FAQs: Work Injury Claims in Texas

Q: What are some typical areas that people are injured in industrial accidents?

A: There are many, but just some of the major areas of industrial accidents are: toxic chemical exposure (such as asbestos or petroleum); malfunctioning equipment, such as valves, conveyor belts, saws, sanders, lathe machines, boilers, forklifts, bulldozers, and many others. Industrial jobs would include; oil refineries, construction sites, manufacturing plants, and railroads.

Q: What are common injuries that occur on manufacturing sites?

A: The list of possible injuries in industrial accidents is probably endless. To name some of the more serious injuries we can include: serious cuts, burns, eye injuries, falls, broken bones, spinal cord injuries, traumatic brain injuries, and many others.

Q: I was injured by my equipment at work because it wasn't properly maintained. Who is responsible for my injuries and losses?

A: The responsibility for your injuries depends on the circumstances of your case and the accident that occurred. Your company's worker's compensation should cover any medical expenses for your injuries and because of that your employer is not liable for other financial losses you may have. If the equipment is maintained by the manufacturer or another third party, then you may have a case against that company to recover other financial losses as well as pain and suffering. It is best to contact an attorney to discuss the details of the accident, your injuries, and any other related information you may have.

Q: There was a serious accident at work that was caused by defective pressure valves and I am unable to work because of my injuries. Who should I sue for damages?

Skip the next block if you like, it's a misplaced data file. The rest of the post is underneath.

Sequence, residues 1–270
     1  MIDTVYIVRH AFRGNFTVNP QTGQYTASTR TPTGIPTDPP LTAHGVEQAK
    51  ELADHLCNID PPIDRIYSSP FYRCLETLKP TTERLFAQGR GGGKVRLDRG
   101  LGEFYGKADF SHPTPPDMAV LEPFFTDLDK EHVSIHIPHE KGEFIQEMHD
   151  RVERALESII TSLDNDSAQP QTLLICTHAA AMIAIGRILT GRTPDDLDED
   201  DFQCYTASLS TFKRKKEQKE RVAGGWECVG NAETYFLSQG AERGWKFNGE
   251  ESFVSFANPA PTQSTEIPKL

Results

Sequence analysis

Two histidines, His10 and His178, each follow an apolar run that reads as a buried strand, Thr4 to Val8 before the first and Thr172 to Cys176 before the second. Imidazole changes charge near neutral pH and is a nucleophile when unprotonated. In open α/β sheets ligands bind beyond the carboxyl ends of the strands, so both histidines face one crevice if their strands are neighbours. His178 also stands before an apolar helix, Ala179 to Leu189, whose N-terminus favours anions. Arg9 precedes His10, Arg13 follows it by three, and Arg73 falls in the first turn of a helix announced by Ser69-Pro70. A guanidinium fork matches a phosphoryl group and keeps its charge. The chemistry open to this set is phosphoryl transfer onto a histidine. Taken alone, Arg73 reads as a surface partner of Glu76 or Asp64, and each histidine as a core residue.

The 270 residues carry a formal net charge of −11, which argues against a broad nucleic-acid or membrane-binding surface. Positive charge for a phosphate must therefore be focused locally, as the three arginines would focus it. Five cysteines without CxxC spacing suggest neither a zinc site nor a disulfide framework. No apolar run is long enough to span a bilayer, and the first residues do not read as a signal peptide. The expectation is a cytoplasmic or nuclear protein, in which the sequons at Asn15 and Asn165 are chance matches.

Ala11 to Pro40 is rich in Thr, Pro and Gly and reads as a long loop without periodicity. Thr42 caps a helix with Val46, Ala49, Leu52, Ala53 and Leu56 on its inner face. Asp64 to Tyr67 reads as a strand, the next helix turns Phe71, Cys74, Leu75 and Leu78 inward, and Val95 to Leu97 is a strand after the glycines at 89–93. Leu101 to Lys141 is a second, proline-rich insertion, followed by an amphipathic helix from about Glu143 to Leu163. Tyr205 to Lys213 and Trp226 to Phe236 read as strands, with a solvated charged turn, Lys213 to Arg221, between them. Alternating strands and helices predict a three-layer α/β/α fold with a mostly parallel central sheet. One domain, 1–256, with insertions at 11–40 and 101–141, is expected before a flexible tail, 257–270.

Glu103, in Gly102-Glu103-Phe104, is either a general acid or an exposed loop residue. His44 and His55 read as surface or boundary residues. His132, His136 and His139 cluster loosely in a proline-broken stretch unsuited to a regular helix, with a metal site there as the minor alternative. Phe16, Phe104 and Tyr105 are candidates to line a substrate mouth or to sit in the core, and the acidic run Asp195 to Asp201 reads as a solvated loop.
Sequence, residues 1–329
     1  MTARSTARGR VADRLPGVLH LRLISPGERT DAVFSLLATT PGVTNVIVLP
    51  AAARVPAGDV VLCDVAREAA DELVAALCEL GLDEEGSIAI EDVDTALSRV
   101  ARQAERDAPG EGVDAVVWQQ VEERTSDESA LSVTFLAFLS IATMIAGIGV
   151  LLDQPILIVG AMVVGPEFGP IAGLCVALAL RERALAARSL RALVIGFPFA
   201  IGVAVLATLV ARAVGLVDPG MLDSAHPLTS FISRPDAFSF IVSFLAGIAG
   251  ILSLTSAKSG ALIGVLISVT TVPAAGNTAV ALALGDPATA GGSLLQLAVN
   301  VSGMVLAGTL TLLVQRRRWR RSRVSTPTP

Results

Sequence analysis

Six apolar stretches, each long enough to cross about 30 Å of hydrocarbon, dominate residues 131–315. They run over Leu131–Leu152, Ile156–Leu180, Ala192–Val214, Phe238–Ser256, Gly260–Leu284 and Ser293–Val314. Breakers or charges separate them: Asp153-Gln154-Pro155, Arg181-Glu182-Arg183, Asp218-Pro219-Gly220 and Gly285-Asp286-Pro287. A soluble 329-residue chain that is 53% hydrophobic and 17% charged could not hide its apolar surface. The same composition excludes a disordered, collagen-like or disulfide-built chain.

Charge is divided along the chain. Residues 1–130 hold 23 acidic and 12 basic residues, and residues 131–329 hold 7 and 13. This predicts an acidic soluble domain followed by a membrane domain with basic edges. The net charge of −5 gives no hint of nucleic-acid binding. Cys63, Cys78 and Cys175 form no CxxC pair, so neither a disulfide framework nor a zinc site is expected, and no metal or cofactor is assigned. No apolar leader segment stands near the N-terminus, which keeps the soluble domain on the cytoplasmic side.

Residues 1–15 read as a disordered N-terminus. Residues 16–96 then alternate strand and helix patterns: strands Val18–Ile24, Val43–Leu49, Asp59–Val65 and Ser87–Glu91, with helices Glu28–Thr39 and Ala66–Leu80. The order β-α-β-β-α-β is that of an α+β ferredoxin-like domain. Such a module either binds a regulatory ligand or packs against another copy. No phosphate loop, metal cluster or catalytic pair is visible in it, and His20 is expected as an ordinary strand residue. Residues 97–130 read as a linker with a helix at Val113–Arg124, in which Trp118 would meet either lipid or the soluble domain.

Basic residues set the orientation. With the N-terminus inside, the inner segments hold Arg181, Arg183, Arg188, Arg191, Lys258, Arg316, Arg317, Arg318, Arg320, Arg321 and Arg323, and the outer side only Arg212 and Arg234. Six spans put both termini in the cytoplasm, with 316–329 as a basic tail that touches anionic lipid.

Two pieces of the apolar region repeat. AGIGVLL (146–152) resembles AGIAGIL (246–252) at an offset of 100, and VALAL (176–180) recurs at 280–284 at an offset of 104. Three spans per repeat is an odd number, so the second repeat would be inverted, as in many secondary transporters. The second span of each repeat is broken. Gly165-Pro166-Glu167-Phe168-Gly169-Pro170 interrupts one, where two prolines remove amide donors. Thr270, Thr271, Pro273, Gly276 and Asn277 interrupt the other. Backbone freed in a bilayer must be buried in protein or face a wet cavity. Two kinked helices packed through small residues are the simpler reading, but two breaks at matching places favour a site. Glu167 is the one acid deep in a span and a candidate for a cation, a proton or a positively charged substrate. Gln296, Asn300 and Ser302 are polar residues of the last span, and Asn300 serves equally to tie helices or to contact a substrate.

A: Worker's compensation should cover your medical expenses because this happened while on the job. If your injuries are extensive and there is documented investigation or some other proof that shows the valves were in fact defective and caused the accident, then you may have a case to pursue. The defective pressure valves would fall under products liability law and you could sue the manufacturer or designer depending on the issue for pain and suffering and any other financial loss for missing work or inability to work at the level you were at before the accident.

Q: The refinery where I'm a supervisor has not corrected the safety violations that OSHA has fined them for the past three years. I'm afraid there will be a serious accident; can I report them without losing my job?

A: OSHA has guidelines to protect "whistleblowers" from any negative backlash from your company if you report safety hazards or if your company has falsified accident reporting to OSHA. It may help to think about you being one of the potentially injured or killed workers because of these safety violations, if you are not sure about your course of action. In the event you were fired or had disciplinary action taken against you, you could also seek an employment attorney to recover any financial loss you experience.

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